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How to manage workplace compliance

Workplace compliance means protection for your business & employees. It also shapes your company culture & ethics. Take a look here.

What is workplace compliance?

Workplace compliance is the set of processes a company puts in place to ensure that the company and its employees abide by internal rules of conduct and external regulations (riskalts.com).

Whether it is legal requirements or diversity and inclusion policies, workplace compliance is a key part of your company culture and environment. It is essential to have strong policies in place to protect your business from legal liabilities and unforeseen costs.

Here are some examples of workplace compliance

  • Labor law compliance
  • Unlawful discrimination policies
  • Workplace harassment
  • Diversity and inclusion policy
  • Compensation and Benefits
  • Whistleblower policies
  • Workplace safety

Why is workplace compliance important?

Workplace compliance ensures your company and employees are acting responsibly. It also means your workers aren’t acting unethically or illegally. Failure to be compliant means your business can be hit with fines and other legal liabilities.

Let’s take a look at why workplace compliance is so important.

1. To avoid legal liabilities:

As mentioned, all workplaces must be compliant with certain laws and regulations. For example, your HR department should be aware of the various labor laws around wages, hours, paid time off, and scheduling requirements. Different industries may also have different rules around employee contracts, policies, and health and safety in the workplace. If you aren’t up to speed with these it can leave the business in a vulnerable position later against potential legal liabilities down the line.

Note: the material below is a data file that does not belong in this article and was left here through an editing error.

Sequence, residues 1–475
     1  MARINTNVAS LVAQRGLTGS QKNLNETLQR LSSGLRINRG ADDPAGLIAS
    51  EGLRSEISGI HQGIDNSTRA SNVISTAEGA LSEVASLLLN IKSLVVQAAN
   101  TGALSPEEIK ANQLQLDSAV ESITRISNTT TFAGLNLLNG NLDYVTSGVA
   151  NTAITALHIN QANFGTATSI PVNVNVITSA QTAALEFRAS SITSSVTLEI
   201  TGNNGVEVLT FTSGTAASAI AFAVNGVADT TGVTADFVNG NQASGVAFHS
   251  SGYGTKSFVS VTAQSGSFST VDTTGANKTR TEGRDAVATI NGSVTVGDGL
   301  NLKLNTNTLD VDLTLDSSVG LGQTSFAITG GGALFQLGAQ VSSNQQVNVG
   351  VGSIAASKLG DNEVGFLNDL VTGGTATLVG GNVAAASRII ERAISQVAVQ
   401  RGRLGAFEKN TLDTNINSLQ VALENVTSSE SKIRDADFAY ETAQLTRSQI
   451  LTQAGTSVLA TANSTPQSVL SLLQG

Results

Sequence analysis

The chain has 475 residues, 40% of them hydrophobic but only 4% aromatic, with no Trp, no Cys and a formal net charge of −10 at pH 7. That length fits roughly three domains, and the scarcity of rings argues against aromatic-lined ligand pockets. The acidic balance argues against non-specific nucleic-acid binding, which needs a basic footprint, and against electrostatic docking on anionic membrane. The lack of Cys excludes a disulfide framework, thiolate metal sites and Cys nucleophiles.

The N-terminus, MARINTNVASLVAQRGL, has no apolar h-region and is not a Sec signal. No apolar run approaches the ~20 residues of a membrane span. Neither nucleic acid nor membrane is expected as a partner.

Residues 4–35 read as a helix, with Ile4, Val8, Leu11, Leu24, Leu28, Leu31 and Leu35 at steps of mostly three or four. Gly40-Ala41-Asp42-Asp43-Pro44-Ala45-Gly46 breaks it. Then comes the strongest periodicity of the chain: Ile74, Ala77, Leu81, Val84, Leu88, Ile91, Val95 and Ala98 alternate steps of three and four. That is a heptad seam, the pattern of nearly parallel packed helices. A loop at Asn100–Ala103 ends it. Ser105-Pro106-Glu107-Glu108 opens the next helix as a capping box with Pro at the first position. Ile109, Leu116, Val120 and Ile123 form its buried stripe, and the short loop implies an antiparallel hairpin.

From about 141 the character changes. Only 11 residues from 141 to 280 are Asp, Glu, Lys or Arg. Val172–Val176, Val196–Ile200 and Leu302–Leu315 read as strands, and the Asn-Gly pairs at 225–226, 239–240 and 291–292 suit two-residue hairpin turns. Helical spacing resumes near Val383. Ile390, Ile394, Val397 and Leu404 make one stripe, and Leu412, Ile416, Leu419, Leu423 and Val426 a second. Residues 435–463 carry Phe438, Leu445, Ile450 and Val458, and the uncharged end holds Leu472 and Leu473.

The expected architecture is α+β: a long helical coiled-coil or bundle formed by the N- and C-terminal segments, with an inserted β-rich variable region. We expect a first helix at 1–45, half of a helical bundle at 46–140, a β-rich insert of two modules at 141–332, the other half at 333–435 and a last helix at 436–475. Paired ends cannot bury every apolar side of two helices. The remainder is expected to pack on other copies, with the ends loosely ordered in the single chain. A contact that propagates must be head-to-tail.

2. Building company culture:

Your compliance will impact the values and principles that guide the behavior of your company. A compliance culture gives employees a clear structure and they know what is expected of them. This also means employees are more engaged which leads to less absenteeism and improved morale. This is also applicable in terms of the hiring process for your company. Does your company have a set diversity and inclusion policy for hiring new employees? This means protection for your workers and creates a feeling of safety and belonging in the workplace.  

3. Improved productivity & saved costs:

A set of detailed standards for your employees to follow saves a huge amount of time and costs. A survey done by Globalscape and the Ponemon Institute found that compliance audits saved businesses $2.86 million on average. With a fully trained workforce in the area of workplace compliance, the business can operate more efficiently. As well as that, with your workplace compliance in check, you can rest assured knowing you are protected from potential legal costs.

How to handle workplace compliance

Workers need a strong policy in place in order for workplace compliance to become commonplace. As well as that, the strategy should be effectively communicated to everyone in the business.